Swarm Agrees to $900,000 FCC Penalty for Launching Unauthorized Satellites

The US Federal Communications Commission (FCC) announced it has reached a settlement with Swarm over its unauthorized launch of satellites last year. It all started about one year ago when the FCC denied Swarm’s application for a license to launch a set of small satellites, which they called SpaceBEEs. Swarm sent the four tiny devices into orbit on an Indian PSLV rocket.
At the time, the FCC claimed that these satellites were too small to be tracked reliably on Earth. This would make it hard to know if these SpaceBEEs were in the path of other satellites, which could result in orbital collisions.

Apparently Swarm launched these satellites in January—approval or not—and that prompted, inevitably, an FCC investigation. It is that investigation which has resulted in this settlement that now requires Swarm to pay a penalty of $900,000 for their actions as well as submit extended oversight to the FCC over the next few years.

In a statement, FCC Enforcement Bureau Chief Rosemary Harold commented that the agency will “aggressively enforce” all FCC requirements when a company seeks authorization to deploy and operate “communication satellites and earth stations.” She goes on to say that fulfilling these obligations is very important in order to “protect other operators against radio interference and collisions.” This will ensure the safest environment for all who wish to operate in space.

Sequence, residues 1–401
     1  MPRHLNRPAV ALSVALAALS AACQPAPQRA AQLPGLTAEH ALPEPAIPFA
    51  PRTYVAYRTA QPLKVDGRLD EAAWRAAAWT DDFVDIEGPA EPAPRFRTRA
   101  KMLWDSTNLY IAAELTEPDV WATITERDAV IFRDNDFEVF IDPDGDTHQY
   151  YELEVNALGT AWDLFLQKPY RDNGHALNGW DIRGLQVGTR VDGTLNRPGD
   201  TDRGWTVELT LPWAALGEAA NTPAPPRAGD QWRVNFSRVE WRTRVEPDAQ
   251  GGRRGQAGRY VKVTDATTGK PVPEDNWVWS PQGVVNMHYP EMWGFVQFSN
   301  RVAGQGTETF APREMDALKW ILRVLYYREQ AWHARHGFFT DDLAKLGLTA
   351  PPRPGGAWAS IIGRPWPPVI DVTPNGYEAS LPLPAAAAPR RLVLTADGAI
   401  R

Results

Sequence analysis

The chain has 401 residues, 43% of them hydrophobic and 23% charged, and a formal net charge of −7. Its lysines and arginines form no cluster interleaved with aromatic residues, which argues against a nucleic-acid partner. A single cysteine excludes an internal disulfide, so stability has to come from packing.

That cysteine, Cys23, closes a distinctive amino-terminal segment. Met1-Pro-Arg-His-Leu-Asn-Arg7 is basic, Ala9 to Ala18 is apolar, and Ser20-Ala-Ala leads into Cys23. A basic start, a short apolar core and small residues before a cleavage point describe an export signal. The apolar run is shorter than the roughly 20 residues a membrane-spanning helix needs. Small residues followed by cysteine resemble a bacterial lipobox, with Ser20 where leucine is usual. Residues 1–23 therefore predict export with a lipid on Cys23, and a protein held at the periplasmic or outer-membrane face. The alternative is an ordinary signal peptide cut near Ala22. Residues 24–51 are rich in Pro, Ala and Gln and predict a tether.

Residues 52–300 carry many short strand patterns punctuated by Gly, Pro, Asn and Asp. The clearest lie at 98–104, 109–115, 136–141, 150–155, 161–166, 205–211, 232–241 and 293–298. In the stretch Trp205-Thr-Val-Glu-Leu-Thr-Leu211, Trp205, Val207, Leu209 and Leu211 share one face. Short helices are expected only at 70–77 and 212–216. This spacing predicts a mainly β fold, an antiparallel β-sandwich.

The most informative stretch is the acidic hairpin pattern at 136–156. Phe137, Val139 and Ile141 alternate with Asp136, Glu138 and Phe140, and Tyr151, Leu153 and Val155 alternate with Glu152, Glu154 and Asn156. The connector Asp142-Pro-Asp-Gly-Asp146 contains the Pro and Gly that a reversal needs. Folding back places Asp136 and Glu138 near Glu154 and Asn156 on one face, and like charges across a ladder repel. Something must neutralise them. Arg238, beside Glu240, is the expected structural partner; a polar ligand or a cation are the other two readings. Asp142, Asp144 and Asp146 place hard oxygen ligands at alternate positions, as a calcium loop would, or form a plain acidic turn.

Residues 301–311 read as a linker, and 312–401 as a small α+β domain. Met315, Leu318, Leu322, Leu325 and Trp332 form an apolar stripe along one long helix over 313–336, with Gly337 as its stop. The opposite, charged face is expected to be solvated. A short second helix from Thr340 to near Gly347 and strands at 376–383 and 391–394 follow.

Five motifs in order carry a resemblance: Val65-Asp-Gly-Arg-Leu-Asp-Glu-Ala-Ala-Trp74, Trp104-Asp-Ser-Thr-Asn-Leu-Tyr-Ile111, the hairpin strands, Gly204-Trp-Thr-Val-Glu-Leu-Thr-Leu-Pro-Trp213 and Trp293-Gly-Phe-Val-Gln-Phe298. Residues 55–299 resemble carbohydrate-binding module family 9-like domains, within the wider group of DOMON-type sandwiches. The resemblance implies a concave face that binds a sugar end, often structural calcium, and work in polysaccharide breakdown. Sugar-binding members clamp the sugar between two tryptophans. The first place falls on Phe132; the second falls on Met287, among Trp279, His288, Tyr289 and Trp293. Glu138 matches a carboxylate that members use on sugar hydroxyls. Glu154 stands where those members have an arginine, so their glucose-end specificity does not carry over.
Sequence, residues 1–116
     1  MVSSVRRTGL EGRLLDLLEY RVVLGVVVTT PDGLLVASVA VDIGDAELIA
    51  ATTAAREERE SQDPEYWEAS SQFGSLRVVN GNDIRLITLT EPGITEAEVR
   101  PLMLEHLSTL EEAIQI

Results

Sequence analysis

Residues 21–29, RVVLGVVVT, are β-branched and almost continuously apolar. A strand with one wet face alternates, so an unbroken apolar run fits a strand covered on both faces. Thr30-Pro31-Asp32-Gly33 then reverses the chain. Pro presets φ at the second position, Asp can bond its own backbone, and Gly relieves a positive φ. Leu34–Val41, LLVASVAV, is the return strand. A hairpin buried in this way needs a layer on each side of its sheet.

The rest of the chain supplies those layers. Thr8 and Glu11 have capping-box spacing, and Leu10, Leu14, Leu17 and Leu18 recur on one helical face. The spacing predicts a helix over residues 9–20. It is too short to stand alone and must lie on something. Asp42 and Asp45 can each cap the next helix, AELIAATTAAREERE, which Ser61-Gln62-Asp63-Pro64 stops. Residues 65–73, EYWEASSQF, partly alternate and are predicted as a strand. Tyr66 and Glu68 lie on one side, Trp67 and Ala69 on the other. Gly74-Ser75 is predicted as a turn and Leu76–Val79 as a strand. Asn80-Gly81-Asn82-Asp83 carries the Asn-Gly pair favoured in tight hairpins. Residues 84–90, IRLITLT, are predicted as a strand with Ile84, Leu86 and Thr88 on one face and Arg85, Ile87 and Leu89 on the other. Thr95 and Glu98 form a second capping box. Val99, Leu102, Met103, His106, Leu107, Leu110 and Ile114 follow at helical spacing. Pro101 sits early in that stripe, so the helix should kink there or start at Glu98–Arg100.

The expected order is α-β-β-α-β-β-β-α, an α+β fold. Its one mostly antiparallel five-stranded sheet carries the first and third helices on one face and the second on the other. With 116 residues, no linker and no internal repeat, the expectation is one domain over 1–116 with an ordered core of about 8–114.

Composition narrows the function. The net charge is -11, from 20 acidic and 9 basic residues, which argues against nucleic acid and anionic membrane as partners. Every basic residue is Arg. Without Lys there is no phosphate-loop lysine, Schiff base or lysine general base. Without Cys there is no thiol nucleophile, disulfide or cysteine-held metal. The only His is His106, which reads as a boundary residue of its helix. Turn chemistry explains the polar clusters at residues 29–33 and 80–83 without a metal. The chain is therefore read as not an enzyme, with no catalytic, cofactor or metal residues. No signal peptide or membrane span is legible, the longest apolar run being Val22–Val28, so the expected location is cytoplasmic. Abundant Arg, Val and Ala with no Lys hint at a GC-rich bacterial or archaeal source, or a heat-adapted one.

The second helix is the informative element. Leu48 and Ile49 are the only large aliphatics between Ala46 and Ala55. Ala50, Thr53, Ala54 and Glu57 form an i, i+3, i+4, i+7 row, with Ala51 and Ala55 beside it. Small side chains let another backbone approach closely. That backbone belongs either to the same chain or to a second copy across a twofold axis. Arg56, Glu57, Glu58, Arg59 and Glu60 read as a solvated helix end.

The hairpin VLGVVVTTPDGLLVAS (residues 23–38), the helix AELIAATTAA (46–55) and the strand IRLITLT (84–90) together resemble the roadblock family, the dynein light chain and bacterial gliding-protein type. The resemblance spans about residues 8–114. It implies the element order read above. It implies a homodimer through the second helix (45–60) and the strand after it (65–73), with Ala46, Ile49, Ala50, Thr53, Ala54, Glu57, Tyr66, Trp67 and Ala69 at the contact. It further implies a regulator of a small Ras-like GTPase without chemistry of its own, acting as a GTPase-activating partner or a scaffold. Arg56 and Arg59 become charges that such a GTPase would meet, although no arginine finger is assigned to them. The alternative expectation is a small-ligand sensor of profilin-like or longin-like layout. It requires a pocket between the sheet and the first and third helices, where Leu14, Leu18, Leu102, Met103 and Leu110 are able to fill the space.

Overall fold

Furthermore, the FCC said it will continue to consider any new applications from Swarm, though it will be on a case-by-case basis. After all, the agency did issue a temporary license that allowed Swarm to launch additional satellites in October.

Of course, Swarm has agreed to readily submit pre-launch reports to the agency over the next three years. Swarm has also agreed to submit annual compliance reports to the FCC over the next five years and appoint to its board a compliance officer. In a statement, Swarm co-founder and CEO Sara Spangelo said that the company accepts the FCC’s decision and appreciates their willingness to support Swarm’s mission in future endeavors.

Perhaps it is Swarm’s youth in this field that the FCC is being so patient. The [unauthorized] January 12th launch was the company’s first. It was founded by aerospace engineers Sara Spangelo (previously of Google X) and Benjamin Longmier, in 2017, with backing funds from NASA and the US Navy and the National Science Foundation.

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